Washington Capitals Sign Zdeno Chara, How Lineup Is Impacted

Photo Credit: Michael Dwyer/AP

Well, 2020 certainly gave it everything it had all the way to the end, didn’t it? In a shocking, and probably only in 2020 fashion, the Washington Capitals signed longtime Boston Bruins’ defenseman Zdeno Chara to a one-year contract.

It was a shocker because most thought if ‘Big Z’ was going to return it would only be back to Boston, but obviously that didn’t work out.

Adding Chara is big for the Capitals Stanley Cup aspirations. Even at 43 years old, Chara got after it last season, playing over 21 minutes per game for the Bruins, second among the team’s defensemen. He also averaged more than three minutes per game on the penalty kill.

He isn’t nearly the points producer he once was, scoring just 14 points in each of the last two seasons. Part of the reason was his limited exposure on the power play, getting on the ice for just three minutes while the Bruins had the man advantage all season.

So how does Chara fit into the lineup? He certainly brings a veteran presence almost unmatched in the league right now, certainly among the players available still right now.

There are two ways at looking at the Capitals signing Chara. You can plug him in on the third pairing, in far less stressful scenarios, and rep the benefits of having a player with 1,500 career games on your roster.

Or you could have him as a mere locker room presence. Someone who has been there, and done that, with a drive to win still that he left his home of 14 seasons to try and chase a championship once more. 

If an offer with Boston was still on the table, he could have certainly gotten more playing time with the makeup of their roster. So Chara took a lesser role for what he could have felt was a better chance to win the Stanley Cup.

Regardless of how he is going to be deployed when the season rolls around, the signing of Chara certainly impacts some more than others, here are a look at three players that may be the most affected.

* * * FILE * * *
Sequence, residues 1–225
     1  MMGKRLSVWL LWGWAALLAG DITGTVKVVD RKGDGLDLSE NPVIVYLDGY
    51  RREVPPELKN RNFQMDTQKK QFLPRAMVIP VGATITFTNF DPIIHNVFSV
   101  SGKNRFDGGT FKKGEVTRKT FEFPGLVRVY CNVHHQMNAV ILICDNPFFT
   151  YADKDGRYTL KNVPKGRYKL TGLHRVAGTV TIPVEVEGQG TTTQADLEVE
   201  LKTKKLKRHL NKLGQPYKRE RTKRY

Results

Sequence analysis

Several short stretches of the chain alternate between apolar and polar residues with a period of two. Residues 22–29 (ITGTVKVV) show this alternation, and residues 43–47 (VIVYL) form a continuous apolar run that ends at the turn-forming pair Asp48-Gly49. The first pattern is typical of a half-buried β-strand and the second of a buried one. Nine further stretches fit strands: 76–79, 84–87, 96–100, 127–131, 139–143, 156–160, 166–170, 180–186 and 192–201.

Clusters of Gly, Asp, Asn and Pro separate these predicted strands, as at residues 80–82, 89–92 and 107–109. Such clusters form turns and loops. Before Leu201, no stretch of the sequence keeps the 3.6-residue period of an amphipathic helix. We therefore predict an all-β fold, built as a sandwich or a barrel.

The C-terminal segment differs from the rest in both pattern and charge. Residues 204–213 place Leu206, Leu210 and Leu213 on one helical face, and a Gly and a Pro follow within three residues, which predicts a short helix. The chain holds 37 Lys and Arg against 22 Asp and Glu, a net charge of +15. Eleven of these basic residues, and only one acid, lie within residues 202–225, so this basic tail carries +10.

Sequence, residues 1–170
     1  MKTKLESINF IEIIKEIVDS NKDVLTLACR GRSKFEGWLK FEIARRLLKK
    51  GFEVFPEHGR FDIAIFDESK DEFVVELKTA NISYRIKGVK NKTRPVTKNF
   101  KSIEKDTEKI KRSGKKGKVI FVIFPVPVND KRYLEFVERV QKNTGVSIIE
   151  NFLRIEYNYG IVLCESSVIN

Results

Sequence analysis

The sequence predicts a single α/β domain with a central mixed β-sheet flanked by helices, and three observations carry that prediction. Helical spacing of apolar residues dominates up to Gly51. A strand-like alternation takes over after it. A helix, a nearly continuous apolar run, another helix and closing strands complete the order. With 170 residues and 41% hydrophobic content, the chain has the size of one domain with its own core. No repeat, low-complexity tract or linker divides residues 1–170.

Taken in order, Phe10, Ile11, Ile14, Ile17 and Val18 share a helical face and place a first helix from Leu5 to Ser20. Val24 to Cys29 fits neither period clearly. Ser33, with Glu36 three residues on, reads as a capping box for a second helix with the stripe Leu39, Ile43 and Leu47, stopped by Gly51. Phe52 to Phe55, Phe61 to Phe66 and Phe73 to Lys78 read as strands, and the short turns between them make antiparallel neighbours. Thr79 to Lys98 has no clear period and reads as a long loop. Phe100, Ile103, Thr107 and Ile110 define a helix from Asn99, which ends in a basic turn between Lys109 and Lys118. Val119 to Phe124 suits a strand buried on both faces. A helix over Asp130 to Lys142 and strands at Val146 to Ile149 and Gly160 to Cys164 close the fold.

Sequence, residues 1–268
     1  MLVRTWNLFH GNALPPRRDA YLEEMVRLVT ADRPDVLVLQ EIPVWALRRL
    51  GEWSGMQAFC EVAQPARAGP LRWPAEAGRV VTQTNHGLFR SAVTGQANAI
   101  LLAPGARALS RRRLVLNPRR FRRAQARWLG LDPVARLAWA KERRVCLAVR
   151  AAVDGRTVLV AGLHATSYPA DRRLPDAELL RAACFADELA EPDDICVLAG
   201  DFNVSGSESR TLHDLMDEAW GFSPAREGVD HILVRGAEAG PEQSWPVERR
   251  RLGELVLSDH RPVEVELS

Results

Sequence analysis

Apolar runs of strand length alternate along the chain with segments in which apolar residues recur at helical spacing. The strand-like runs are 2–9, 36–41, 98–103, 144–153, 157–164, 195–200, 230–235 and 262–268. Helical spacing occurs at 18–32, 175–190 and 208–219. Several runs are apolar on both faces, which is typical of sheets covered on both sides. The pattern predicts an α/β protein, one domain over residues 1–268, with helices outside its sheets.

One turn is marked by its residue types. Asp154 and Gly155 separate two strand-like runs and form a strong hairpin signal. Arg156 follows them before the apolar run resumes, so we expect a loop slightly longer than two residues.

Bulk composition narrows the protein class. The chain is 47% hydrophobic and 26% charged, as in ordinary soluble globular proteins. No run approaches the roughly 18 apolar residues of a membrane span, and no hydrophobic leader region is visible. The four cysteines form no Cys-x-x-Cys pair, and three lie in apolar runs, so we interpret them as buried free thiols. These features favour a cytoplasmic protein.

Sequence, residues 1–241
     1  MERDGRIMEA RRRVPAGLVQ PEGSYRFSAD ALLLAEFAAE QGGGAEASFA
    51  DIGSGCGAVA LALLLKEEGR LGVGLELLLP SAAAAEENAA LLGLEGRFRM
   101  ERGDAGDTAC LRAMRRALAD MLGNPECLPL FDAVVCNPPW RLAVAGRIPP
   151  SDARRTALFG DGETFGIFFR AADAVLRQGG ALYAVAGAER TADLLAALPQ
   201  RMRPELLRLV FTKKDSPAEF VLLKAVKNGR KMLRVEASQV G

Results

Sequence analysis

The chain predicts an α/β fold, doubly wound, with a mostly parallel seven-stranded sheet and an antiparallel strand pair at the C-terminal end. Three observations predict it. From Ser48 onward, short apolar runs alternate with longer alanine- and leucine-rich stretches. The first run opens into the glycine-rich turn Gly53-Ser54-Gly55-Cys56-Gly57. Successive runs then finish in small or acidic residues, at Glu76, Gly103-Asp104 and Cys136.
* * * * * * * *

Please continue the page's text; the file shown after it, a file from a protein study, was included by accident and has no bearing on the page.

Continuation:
Jonas Siegenthaler

The Capitals have been big on the Swiss-born Siegenthaler ever since the draft process back in 2015. Without a second round pick of their own, Washington traded into the round so that they can grab the big defenseman.

Letting him take his time to fully develop, the Capitals finally reaped the benefits of drafting Siegenthaler. Playing in 64 games last season, the defender recorded just nine points, but his biggest impact came in his own end.

Siegenthaler led the team in blocks per 60 minutes played among all regular blue liners (20 or more games played), and was the Capitals go-to penalty killer, logging 3:11 of ice time per game while shorthanded.

Siegenthaler

Metric

Chara

50.74%

Corsi For %

48.2%

2.47

Goals For per 60

2.94

2.02

Goals Against per 60

1.78

2.27

Expected Goals For per 60

2.04

2.10

Expected Goals Against per 60

2.06

55.27%

High Danger Chances For %

50.27%

55.87%

High Danger Goals For %

65.24%

If Chara comes out and proves he can still skate well enough, it will be interesting how this plays out. Both Siegenthaler and Chara posted very similar numbers last season at 5v5.

Both did an amazing job at limiting their oppositions scoring opportunities, with Chara posting an incredible strong goal share - with his high-danger goal share among the best in the league.

For a third-pairing defenseman, there was little to complain about Siegenthaler’s season metric wise. While he may never be a big time offensive threat, at just 23-years old, Siegenthaler still is growing into his role as one of the team’s better shutdown defenseman.